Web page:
The Great Basin Desert covers a land surface area of about 190,000 square miles. It is bordered by the Rocky Mountains to the east, the Sierra Nevada range to the west, and the Sonoran and Mojave Deserts to the south, while the Columbia Plateau borders the desert to the north. This is a cold desert with precipitation of 7-12 inches per annum.
The ecology of the desert varies across geography, also. The desert’s high elevation and location between mountain ranges influences regional climate: the desert formed by the rain shadow of the Sierra Nevada that blocks moisture from the Pacific Ocean, while the Rocky Mountains create a barrier effect that restricts moisture from the Gulf of Mexico.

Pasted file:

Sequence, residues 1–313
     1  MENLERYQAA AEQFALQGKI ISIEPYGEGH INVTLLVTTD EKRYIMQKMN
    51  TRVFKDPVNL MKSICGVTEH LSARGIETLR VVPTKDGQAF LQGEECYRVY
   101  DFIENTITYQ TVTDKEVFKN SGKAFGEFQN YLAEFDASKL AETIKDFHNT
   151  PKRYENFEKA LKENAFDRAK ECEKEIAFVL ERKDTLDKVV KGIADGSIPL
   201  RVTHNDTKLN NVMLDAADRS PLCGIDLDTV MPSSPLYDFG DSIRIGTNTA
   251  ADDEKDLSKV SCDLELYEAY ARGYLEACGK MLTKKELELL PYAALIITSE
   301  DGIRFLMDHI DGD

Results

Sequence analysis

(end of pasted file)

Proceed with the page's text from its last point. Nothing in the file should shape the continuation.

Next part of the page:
Different locations in the desert have different amounts of precipitation, depending on the strength of these rain shadows. The environment is influenced by Pleistocene lakes that dried after the last ice age: Lake Lahontan and Lake Bonneville. Each of these lakes left different amounts of salinity and alkalinity.